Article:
The goal of MultiPoint is to facilitate optimization problems that contain may different computations, all occurring in parallel, each of which may be parallel. MultiPoint effectively hides the required MPI communication from the user which results in more readable, more robust and easier to understand optimization scripts.

For our simple example, lets assume we have two parallel codes, A and B that we want to run at the same time for an optimization. The computations of A and B do not directly depend on each other; that is they can be executed in an embarrassingly parallel fashion. Lets say we need to run 2 copies of code A, and one copy of code B. The analysis path would look like:

               /------------\ Funcs
           /---|   Code A   |--->----\             User supplied objcon
           |   \------------/        |               /---------------\
Optimizer  |   /------------\ Funcs  |  Combine      | Combine funcs |  Return to
----->---- +---|   Code A   |--->--- +------>--------+ to get final  |----->------
Input      |   \------------/        |  all funcs    | obj/con       |  optimizer
           |   /------------\ Funcs  |               \---------------/
           \---|   Code B   |--->----/

Lets also assume, that the first copy of code A requires 3 processors, the second copy of code A requires 2 processors and the copy of code B requires 4 processors. For this case, we would require 3 + 2 + 4 = 9 total processors. Scripts using MultiPointSparse must be called with precisely the correct number of processors.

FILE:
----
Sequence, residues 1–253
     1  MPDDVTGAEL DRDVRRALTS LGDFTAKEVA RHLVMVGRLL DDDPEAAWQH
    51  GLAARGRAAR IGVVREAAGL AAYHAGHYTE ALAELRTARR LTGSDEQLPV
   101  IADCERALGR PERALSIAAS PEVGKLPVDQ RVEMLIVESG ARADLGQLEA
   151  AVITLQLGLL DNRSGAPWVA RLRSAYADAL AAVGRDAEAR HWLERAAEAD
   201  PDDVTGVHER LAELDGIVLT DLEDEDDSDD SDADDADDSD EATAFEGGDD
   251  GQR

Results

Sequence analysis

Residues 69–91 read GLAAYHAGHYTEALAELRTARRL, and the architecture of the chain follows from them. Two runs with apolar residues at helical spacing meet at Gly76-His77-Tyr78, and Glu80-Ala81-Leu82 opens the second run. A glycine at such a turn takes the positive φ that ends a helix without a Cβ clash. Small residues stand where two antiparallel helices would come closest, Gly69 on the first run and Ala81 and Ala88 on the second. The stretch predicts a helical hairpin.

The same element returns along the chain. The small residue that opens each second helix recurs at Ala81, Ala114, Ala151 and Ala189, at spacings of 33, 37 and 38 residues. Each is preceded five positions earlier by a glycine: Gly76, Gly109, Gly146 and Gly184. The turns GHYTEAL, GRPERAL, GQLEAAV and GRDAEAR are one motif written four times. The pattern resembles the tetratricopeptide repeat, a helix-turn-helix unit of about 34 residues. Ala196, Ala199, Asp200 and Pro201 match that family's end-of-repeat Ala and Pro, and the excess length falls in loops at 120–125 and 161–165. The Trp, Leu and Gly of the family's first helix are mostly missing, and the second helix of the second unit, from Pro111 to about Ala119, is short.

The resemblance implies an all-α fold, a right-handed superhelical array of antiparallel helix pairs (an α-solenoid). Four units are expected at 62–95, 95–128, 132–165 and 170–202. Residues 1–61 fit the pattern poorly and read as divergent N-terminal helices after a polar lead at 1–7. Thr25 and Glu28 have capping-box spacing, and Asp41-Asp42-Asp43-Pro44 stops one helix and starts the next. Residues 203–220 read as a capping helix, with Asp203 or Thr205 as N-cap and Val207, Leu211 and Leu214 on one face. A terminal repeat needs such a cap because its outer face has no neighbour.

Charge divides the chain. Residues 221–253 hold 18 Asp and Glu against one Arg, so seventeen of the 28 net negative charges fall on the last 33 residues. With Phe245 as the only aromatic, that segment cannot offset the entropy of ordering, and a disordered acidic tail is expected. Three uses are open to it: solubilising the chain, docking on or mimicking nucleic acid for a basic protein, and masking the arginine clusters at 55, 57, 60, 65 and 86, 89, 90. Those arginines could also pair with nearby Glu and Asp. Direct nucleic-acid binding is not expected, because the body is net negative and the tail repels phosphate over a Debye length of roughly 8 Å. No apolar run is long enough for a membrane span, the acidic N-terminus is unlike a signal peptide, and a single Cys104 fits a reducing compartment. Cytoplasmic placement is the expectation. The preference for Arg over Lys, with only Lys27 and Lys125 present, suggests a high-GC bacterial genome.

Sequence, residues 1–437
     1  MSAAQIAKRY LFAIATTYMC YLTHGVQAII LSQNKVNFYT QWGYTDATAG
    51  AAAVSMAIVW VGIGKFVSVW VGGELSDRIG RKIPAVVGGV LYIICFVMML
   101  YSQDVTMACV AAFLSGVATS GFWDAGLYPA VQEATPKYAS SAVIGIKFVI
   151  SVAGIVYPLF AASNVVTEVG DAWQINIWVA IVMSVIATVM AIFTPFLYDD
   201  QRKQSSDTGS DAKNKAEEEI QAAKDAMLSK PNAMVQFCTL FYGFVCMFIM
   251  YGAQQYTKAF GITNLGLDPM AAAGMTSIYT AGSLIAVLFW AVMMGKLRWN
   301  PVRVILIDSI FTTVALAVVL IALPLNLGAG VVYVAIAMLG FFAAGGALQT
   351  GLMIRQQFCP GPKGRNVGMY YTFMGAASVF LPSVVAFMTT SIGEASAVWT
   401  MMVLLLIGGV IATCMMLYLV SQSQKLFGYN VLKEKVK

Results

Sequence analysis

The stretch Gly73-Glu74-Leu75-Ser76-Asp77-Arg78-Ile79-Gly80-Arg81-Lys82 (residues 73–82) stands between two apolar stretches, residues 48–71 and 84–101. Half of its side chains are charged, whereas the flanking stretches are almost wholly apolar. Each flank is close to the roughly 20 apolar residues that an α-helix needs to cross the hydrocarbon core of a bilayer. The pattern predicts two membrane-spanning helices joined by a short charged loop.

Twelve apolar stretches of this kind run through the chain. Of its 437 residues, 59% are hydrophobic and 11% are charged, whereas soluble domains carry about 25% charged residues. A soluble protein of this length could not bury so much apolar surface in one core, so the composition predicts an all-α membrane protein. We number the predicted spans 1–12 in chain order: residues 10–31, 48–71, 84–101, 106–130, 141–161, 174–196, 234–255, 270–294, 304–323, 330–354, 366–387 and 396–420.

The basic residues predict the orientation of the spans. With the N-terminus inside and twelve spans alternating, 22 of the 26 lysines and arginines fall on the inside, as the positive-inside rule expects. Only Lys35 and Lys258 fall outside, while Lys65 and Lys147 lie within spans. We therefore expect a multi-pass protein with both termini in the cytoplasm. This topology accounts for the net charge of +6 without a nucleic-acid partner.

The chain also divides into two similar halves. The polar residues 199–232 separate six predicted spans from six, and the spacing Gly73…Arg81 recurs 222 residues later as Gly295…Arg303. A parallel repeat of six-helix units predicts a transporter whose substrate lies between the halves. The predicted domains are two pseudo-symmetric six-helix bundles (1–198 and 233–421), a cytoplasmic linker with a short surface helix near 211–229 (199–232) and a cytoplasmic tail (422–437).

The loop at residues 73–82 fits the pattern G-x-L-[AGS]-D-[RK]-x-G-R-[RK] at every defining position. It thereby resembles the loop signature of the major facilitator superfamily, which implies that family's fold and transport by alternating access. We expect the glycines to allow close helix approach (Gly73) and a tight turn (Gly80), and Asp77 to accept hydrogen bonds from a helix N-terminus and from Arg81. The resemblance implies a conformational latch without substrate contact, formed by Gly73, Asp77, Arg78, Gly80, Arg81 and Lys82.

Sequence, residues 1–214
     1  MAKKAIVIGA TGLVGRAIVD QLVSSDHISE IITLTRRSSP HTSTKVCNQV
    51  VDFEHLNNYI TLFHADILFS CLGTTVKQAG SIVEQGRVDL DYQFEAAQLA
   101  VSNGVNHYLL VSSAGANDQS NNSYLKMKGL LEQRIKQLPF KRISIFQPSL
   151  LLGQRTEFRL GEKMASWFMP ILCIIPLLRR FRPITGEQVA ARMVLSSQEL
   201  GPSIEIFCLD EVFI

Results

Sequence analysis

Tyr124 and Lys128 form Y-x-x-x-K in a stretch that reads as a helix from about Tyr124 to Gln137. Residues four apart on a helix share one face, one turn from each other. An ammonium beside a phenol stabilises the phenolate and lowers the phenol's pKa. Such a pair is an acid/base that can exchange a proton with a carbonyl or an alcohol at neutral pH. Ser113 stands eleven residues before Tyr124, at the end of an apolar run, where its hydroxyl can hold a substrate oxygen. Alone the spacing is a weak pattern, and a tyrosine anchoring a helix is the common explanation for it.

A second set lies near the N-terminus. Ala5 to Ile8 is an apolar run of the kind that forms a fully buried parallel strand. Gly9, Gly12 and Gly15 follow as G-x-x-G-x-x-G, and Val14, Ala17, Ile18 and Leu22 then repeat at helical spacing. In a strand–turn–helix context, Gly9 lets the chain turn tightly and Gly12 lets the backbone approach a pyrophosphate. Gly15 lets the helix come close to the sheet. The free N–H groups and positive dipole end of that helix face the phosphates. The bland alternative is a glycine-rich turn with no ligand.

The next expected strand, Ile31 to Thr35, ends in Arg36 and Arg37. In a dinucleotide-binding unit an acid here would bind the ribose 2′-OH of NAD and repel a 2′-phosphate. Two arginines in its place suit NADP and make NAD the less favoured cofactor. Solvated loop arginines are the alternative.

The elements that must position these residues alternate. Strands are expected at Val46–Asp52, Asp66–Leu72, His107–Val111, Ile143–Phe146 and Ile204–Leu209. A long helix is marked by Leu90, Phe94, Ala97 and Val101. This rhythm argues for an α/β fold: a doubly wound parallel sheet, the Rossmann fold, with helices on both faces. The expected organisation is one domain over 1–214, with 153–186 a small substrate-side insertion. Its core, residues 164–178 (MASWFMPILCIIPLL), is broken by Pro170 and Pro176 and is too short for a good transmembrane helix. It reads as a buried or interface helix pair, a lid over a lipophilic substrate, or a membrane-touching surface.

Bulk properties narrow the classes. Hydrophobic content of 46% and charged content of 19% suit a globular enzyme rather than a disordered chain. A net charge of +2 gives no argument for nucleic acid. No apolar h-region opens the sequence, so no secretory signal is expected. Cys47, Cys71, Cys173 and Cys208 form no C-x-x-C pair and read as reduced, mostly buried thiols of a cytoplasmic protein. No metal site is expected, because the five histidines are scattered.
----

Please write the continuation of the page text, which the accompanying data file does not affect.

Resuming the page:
>>> from mpi4py import MPI
>>> from multipoint import multiPointSparse
>>> MP = multiPointSparse(MPI.COMM_WORLD)
>>> MP.addProcessorSet('codeA', 2, [3, 2])
>>> MP.addProcessorSet('codeB', 1, 4)
>>> comm, setComm, setFlags, groupFlags, ptID = MP.createCommunicators()
>>> setName = MP.getSetName()

At this point, you should have the following if you executed the code with 9 processors:

>>> print("setName={}, comm.rank={}, comm.size={}, setComm.rank={}, setComm.size={}, setFlags={}, ptID={}".format(setName, comm.rank, comm.size, setComm.rank, setComm.size, setFlags, ptID))
setName=codeA, comm.rank=0, comm.size=3, setComm.rank=0, setComm.size=5, setFlags={'codeA': True, 'codeB': False}, ptID=0
setName=codeA, comm.rank=1, comm.size=3, setComm.rank=1, setComm.size=5, setFlags={'codeA': True, 'codeB': False}, ptID=0
setName=codeA, comm.rank=2, comm.size=3, setComm.rank=2, setComm.size=5, setFlags={'codeA': True, 'codeB': False}, ptID=0
setName=codeA, comm.rank=0, comm.size=2, setComm.rank=3, setComm.size=5, setFlags={'codeA': True, 'codeB': False}, ptID=1
setName=codeA, comm.rank=1, comm.size=2, setComm.rank=4, setComm.size=5, setFlags={'codeA': True, 'codeB': False}, ptID=1
setName=codeB, comm.rank=0, comm.size=4, setComm.rank=0, setComm.size=4, setFlags={'codeA': False, 'codeB': True}, ptID=0
setName=codeB, comm.rank=1, comm.size=4, setComm.rank=1, setComm.size=4, setFlags={'codeA': False, 'codeB': True}, ptID=0
setName=codeB, comm.rank=2, comm.size=4, setComm.rank=2, setComm.size=4, setFlags={'codeA': False, 'codeB': True}, ptID=0
setName=codeB, comm.rank=3, comm.size=4, setComm.rank=3, setComm.size=4, setFlags={'codeA': False, 'codeB': True}, ptID=0

The input to each of the Objective Functions is the (unmodified) dictionary of optimization variables from pyOptSparse. Each code is then required to use the optimization variables as it requires.

The output from each of Objective functions funcs is a Python dictionary of computed values. For computed values that are different for each member in a processorSet or between processorSets it is necessary to use unique keys. It is therefore necessary for the user to use an appropriate name mangling scheme.